Amazon’s U.S. retail business is the “fastest-growing at scale,” according to the company’s analysts. Between 2014 and 2020, Amazon’s U.S. gross merchandise volume, or GMV — a closely watched industry metric used to measure the total value of goods sold over a certain time period — has grown “significantly faster” than both U.S. adjusted retail sales and U.S. e-commerce, the analysts said.
Neither Amazon nor Walmart break out GMV in their quarterly earnings results, but JPMorgan estimates Amazon’s GMV is growing faster than its largest retail competitor. JPMorgan analysts said Amazon’s GMV in 2020 climbed 41 percent year over year to $316 billion, while Walmart’s GMV is estimated to have grown 10 percent year over year to $439 billion in 2020.
“Based on current estimates, we believe Amazon could surpass Walmart to become the largest U.S. retailer in 2022,” J.P. Morgan analysts Christopher Horvers and Doug Anmuth wrote Friday.
Horvers and Anmuth highlighted a few factors they believe are driving Amazon’s top-line growth, including an expansion into “large and under-penetrated categories” such as grocery and apparel, strong growth of third-party seller sales and the “Prime flywheel.” Amazon CEO Jeff Bezos said in April the company now has more than 200 million Prime subscribers, up from 150 million at the beginning of 2020.
The coronavirus pandemic rapidly accelerated the adoption of e-commerce and cemented Amazon’s dominance in the retail space. Stuck-at-home consumers turned to Amazon for a plethora of goods ranging from toilet paper to workout gear. They also relied on Amazon for services they might not have otherwise considered, such as online grocery delivery.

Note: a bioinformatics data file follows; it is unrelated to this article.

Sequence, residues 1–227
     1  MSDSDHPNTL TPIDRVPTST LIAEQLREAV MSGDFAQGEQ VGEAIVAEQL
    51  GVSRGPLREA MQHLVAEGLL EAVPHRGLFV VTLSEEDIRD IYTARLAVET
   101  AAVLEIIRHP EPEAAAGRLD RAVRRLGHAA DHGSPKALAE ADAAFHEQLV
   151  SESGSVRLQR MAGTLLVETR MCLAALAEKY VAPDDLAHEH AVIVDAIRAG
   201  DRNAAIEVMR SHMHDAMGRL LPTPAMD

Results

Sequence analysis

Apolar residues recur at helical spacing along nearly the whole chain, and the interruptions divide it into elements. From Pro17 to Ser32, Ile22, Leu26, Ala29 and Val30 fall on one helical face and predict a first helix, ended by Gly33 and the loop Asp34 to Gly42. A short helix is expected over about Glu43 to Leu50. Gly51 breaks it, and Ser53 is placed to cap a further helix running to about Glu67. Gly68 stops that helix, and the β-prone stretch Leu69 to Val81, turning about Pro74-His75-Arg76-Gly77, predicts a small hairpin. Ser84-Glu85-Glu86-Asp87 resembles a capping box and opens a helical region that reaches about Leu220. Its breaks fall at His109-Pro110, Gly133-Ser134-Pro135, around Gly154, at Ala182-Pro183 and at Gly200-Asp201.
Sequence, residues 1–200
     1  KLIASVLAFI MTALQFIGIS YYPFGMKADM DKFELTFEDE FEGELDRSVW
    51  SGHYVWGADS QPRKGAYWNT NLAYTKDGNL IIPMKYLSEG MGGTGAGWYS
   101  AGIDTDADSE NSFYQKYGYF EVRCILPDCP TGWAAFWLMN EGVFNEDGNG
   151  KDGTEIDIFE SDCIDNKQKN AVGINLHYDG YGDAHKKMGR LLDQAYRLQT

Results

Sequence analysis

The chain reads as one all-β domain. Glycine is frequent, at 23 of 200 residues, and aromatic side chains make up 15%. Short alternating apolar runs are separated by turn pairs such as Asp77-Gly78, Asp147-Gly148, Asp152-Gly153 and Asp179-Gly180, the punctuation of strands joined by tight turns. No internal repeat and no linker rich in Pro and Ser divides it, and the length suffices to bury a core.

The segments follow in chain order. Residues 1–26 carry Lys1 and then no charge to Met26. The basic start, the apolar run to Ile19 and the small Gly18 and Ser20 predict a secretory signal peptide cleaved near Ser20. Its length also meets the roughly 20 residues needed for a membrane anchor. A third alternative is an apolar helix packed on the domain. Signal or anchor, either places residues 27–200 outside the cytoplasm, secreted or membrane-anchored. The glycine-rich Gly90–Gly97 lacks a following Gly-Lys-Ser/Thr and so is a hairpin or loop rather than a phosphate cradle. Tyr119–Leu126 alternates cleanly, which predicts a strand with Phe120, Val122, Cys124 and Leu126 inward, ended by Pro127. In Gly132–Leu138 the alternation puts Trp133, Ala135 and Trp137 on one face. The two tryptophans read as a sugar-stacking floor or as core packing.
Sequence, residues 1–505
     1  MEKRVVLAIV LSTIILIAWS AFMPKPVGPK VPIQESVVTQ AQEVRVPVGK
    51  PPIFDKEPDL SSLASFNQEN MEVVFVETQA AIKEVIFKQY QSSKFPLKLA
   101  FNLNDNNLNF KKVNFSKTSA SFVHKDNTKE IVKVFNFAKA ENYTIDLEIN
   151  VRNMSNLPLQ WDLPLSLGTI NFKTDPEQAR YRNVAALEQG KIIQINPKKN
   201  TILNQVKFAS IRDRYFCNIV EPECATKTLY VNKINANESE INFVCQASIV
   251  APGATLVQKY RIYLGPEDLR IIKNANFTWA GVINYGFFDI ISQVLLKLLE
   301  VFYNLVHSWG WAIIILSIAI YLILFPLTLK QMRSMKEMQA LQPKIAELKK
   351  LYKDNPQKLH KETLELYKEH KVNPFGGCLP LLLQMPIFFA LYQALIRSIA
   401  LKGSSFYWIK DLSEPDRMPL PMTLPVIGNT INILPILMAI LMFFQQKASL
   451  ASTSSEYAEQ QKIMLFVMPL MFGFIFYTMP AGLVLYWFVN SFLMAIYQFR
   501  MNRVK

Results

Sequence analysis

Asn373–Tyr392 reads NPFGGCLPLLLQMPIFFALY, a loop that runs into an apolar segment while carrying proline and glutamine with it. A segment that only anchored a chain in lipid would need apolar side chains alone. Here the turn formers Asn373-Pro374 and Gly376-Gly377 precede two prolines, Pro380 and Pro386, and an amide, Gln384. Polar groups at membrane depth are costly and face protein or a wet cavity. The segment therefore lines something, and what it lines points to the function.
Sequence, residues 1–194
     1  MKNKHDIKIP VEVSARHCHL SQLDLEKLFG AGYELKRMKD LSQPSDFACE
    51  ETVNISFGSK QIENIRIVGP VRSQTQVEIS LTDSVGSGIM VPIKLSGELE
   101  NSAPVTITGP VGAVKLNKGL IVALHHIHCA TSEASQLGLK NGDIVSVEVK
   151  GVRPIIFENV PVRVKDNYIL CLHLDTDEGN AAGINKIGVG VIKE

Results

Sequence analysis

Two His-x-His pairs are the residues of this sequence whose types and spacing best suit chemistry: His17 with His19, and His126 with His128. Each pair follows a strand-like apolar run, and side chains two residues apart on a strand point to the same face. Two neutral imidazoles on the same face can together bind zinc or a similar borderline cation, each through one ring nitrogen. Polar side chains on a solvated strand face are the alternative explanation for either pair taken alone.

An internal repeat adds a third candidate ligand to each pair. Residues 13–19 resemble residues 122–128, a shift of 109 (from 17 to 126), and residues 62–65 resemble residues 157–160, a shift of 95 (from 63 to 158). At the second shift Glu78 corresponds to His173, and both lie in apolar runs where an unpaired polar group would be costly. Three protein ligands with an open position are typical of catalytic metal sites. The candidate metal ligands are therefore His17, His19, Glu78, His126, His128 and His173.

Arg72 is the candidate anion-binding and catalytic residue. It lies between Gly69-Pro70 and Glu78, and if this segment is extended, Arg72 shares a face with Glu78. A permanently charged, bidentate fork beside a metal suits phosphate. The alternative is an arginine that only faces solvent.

Amazon’s pandemic-fueled sales surge has helped it grow its slice of the e-commerce market. JPMorgan estimates Amazon expanded its share of the U.S. e-commerce market to 39 percent in 2020, up from 24 percent in 2014.
The accelerated adoption of e-commerce has also provided a lift to other areas of Amazon’s business.
Amazon is on track to “become one of the largest delivery companies” in the U.S., analysts at Bank of America wrote in research published Tuesday.
Amazon is estimated to deliver 7 billion packages in 2021, surpassing the roughly 6 billion packages UPS is expected to deliver in the U.S. this year, the analysts wrote, citing figures from MWPVL International, a supply chain and logistics consulting firm.
In recent years, Amazon has quietly built a shipping operation that rivals the likes of UPS, FedEx and the U.S. Postal Service. It maintains an ever-increasing network of warehouses and last-mile delivery stations, and a sprawling logistics operation with airplanes, trucks and vans.
This has allowed Amazon to deliver most of its own orders. Amazon currently delivers packages for other businesses in the U.K. and could one day expand that service to the U.S.
MWPVL estimates Amazon handled about 5 billion of the 7.35 billion packages it shipped in 2020. UPS and USPS handled the other 1.25 billion and 1.1 billion, respectively, according to Bank of America analysts.